I was passed by an elderly chap soon after summiting Whatshaw Common, who advised me to steer clear of the bogs below its shoulder. The chap went on to say that he'd just sank up to his knees and advised me to go as far right as I could. Once I arrived at the bog, I jokingly told myself that I only needed to avoid the hole the chap's legs had left, which I did my best to spot but found nothing! I did take his advice and gave the bogs the widest berth I could, while treating my boots to a good soaking.

Splendid views...
Over Wasdale Mouth.

High House Bank and Robin Hood.
Seen over the Crookdale Valley.

Another view into Wasdale.
Not wanting to curse it but I was loving the extra hours of sunshine as I'd expected to be walking under grey cloud by now.

Wasdale Pike, todays final summit can be found to the left along the ridge line from where I'll descent back into Wasdale towards the ruins of Wadale Head Farm.

Looking back on Little Yarlside.
As I begin my ascent on Great Yarlside.

Little Yarlside from Great Yarlside.
Instead of taking the narrow direct path on Great Yarlside, I struck right and ascended via a wide grassy trod via two long zigzags, which ultimately took the steepness away from the ascent and soon reached the summit plateau. The trouble was that the summit circular trig point was on the other side of the stone wall, meaning I had to continue towards the end of the wall where it joined a wire fence less in height.

Heading for Wasdale Pike.
I spotted the first herd of Deer soon after leaving Great Yarlside, who were leaping over a deer fence about half a mile east of Harrop Pike. All the deer regrouped ahead of me, with the exception of two who seemed reluctant to take the leap. After watching them for a while, they finally jumped the fence and joined the rest of the herd. What a cracking sight!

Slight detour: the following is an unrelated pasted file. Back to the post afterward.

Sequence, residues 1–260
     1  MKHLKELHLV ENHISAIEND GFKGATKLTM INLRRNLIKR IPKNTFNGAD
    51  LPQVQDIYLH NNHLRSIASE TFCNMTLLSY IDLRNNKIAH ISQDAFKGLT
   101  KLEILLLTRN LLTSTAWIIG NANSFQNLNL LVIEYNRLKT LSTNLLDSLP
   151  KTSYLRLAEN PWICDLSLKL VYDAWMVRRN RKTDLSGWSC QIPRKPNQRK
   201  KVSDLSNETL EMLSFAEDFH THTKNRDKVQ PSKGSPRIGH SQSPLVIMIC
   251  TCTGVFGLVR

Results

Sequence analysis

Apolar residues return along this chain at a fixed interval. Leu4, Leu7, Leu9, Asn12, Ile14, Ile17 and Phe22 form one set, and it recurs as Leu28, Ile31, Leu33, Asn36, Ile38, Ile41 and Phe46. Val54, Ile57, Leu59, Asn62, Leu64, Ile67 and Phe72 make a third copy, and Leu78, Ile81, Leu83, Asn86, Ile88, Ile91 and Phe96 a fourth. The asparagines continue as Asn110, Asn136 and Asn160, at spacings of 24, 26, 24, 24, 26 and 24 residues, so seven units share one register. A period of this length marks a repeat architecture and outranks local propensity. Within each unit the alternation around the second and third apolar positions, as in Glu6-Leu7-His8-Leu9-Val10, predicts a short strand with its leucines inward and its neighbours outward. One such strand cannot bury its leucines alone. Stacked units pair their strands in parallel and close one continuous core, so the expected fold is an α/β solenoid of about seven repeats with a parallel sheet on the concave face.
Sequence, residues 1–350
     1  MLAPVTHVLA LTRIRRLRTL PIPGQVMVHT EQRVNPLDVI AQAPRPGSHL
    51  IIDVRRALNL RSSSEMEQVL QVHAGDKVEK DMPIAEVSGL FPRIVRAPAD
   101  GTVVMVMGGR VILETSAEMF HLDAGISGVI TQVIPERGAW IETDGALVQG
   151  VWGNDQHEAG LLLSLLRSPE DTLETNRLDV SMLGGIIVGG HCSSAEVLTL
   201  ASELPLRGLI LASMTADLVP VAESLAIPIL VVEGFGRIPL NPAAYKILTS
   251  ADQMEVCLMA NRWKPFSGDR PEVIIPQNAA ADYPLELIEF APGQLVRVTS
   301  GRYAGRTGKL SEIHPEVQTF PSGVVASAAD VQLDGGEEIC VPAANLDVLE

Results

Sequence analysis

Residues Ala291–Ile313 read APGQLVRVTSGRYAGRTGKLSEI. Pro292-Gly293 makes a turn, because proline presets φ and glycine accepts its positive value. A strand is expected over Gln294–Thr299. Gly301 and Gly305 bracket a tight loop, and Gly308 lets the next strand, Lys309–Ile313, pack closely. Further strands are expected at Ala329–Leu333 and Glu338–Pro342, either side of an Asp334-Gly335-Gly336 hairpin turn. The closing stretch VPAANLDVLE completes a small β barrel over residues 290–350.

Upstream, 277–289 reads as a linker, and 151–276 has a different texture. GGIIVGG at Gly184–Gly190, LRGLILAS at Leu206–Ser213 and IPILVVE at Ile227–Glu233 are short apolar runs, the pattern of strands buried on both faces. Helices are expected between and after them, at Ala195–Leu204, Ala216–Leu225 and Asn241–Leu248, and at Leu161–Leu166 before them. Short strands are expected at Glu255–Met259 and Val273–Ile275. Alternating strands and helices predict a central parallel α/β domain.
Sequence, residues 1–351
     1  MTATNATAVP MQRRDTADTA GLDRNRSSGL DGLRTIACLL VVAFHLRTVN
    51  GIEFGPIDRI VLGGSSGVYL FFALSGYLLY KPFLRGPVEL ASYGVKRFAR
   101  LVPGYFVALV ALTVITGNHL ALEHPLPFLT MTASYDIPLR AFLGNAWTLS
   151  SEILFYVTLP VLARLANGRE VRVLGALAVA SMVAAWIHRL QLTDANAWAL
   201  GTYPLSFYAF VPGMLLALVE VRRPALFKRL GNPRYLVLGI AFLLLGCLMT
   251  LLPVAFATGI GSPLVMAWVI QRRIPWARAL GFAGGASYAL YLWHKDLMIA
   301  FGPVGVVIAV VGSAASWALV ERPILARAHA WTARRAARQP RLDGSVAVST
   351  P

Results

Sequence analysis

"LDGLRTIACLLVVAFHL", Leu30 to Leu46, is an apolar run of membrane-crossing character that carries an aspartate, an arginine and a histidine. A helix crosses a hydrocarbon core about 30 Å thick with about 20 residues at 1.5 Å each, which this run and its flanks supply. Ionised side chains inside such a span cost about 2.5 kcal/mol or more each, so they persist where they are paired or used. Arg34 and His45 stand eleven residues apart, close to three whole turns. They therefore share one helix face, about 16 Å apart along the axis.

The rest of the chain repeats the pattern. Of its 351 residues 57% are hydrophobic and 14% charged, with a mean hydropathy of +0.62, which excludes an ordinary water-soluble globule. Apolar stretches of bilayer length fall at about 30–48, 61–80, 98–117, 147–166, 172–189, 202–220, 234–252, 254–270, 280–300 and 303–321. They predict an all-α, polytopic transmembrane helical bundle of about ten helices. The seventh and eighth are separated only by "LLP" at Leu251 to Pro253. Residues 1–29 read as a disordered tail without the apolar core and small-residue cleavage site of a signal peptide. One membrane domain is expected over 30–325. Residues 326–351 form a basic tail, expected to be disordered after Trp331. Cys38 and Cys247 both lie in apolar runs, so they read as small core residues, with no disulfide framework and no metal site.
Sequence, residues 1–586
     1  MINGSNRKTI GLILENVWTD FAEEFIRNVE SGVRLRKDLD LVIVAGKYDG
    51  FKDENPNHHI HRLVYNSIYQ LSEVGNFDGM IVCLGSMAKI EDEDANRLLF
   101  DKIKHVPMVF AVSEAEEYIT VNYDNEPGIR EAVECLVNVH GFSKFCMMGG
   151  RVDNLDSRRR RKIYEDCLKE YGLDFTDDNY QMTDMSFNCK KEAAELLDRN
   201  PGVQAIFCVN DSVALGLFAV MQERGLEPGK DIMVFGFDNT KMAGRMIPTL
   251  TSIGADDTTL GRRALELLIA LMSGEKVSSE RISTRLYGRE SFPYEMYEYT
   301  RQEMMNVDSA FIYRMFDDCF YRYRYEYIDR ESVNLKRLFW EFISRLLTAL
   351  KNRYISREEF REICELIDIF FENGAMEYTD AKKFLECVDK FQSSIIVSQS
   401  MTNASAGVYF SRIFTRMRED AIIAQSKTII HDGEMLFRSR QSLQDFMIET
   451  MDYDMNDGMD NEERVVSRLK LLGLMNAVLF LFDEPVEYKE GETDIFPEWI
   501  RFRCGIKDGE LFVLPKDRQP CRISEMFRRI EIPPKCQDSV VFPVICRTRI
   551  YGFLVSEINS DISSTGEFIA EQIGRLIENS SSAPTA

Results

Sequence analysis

Not all of Lakeland is crag.
I just love the wide open, isolated grassy ridges just as much as I do the rocky stuff.

Second herd of Deer spotted.
I spotted movement again, this time between Little Saddle Crag and Great Saddle Crag. In the poor light and with just a mobile phone, I was unable to get a clear picture, but I could tell that this wasn't the same herd I'd spotted earlier who had taken off in the direction of Little Yarlside.

Wasdale Pike summit.
I'd lost any brightness, which seemed to be confined over the North Pennines for now, and with it came a drop in temperature which forced me to add a pair of mitts. Still a cracking view, though.

Time to head right through the gate.
I couldn't remember if I needed to hop over the fence to make my descent towards Wasdale Head Farm but soon spotted this gate a short distance away from the summit.

Long Fell from the descent of Wasdale Pike.
With the ruins of Wasdale Head Farm seen lower right.

Looking back on the ruins of Wasdale Head Farn with Long Fell in the distance.
I made my way towards the ruins before picking up the old farm track and followed it until the plantation was reached below Hazel Bank. Here I pass over the wall before making my way towards Wasdale Beck.

Long Fell from Wasdale Beck.

The last time I crossed Wasdale Beck it was heavily swollen, and I only just managed to cross after making an Olympic leap from one river bank to the other. Today,  the beck was much easier to cross as I leaped onto a bank of shale, where I swilled my boots and walking pole tips in the beck water. I joined the track just a short distance away before passing the wooden observation tower, which I had remembered from my last visit.

Even though the summit road was well within earshot, I needed to climb out of the valley by means of a grassy track, which I joined as it started to rain. Looking deep into Wasdale, I wondered where the deer were and pictured them grazing without fear of being disturbed. I'd only seen one person all day, and my car was the only one in the vicinity. As the rain began to fall heavier, I thanked my timing as blue sky made way for grey.